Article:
An American Woman

You may have heard the story of the romance that nearly brought down The Crown. In 1934, a divorcee from America became the mistress to David, the Prince of Wales, much to the shock and horror of English aristocracy. Even though the House of Windsor had worked so hard to connect with the working class, there were still very strict social and religious expectations of the royals and the high society crowd. The idea that a prominent person would flout society, the government, and the church—it was too much!

[So to catch up: King George V has died and and his son has ascended to the throne as a bachelor, while secretly carrying-on an affair with an American married woman.]

Internally, when the scandalous affair became common knowledge, the decision-makers and royal advisors, were in today’s parlance, losing their sh*t. To make matters worse, after barely surviving the first World War (remember the one with the German bombers that lead to the total rebrand?) King Edward (David) decided that Hitler was a cool dude and was doing some really cool things in Nazi Germany. Just when the family had finally and fully cut their German ties King Edward and his American mistress were cozying up to the Third Reich. History has softened its view of King Edward’s mingling with Hitler, basically concluding that it was not much more than some chats, parades, and parties. However, at the time, nothing—simply nothing—could have ruined the family’s image more thoroughly than Nazis.

Royal PR Lesson: Nazis Are Bad

Make sure you know your business partners, vendors or spokespeople very well before you align yourself to their cause. Understand their motives, desires, and business landscape before you sign on the dotted line.

Nothing could have ruined the family’s image more thoroughly than Nazis, except perhaps sinful sex with a divorced woman. To put this in perspective we have to remember that The Monarchy is devoutly Christian. [Technically, they practice Anglicanism, a form of Christianity, under the Church of England.] But they are super conservative to say the least. Even today, the Queen is acknowledged as the Supreme Governor of the Church of England. The don’t select their religion, they are ordained to it by God. All of this is to say that they are very proper, very religious, and profoundly serious about who marries whom.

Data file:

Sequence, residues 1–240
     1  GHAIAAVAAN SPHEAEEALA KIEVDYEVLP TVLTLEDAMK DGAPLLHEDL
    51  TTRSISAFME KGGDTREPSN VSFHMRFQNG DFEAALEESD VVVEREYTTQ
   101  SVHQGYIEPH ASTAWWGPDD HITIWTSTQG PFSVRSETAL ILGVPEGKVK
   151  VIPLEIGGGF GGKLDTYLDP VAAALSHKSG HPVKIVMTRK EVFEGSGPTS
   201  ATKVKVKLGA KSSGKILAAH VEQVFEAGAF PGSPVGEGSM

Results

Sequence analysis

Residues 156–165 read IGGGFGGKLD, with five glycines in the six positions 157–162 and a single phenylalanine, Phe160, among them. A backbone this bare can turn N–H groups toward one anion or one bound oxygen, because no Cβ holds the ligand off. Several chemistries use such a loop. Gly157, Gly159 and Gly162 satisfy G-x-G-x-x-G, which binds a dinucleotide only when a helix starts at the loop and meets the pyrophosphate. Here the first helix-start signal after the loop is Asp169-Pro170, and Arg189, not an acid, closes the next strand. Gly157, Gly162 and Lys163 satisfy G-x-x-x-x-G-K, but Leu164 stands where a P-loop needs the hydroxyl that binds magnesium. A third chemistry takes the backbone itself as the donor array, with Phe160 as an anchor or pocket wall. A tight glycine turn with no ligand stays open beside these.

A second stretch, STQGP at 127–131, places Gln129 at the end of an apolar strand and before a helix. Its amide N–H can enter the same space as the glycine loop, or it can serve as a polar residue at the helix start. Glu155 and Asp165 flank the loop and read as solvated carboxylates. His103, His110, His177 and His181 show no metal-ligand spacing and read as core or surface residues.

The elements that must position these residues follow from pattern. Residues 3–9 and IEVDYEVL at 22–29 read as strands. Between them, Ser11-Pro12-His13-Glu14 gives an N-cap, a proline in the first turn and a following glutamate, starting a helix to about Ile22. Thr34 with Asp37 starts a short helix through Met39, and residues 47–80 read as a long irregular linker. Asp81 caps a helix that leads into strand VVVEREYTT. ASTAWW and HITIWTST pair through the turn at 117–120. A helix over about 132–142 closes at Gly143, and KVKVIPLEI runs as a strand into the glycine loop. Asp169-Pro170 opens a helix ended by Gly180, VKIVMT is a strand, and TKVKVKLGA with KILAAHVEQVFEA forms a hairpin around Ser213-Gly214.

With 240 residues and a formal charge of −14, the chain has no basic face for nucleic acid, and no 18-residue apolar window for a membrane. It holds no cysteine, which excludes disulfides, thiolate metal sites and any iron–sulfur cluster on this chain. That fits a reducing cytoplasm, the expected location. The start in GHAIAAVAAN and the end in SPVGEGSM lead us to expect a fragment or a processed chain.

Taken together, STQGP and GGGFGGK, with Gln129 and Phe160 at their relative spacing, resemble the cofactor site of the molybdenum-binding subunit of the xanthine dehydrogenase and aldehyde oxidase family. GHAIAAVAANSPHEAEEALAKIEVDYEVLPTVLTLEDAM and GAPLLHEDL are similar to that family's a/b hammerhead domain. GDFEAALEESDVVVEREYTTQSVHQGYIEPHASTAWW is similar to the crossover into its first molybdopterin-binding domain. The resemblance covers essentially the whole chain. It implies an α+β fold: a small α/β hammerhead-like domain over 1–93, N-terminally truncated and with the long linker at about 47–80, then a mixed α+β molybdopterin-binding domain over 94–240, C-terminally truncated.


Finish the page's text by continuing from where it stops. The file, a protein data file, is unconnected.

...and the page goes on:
When news of the love affair hit the media, it was like a punch in the gut to mainstream England. Now you must remember it was 1936. Even the roaring twenties did not prepare the masses for things like premarital sex, divorcees, mistresses, and inter-faith marriages. Plus, the idea that the man who had been groomed to be king from birth would pick an American woman over every eligible female in his entire country, was too much. While some youngsters wanted the king to marry for love, the general consensus was it was a horrible scandal.

For political, religious, and social reasons, it was wholly unacceptable by the establishment for David, now King Edward VIII to marry Mrs. Wallis Simpson. The King had to lead the Church and the Church did not allow marriages to divorced parties if the former spouse was still alive. The newly divorced, and twice divorced, woman would not be allowed to marry her prince charming. Simpson was pressured to break up with the king, and made a statement (kindly crafted on her behalf by a royal advisor) that she would break it off with him, allowing him to continue his kingly duties without interference.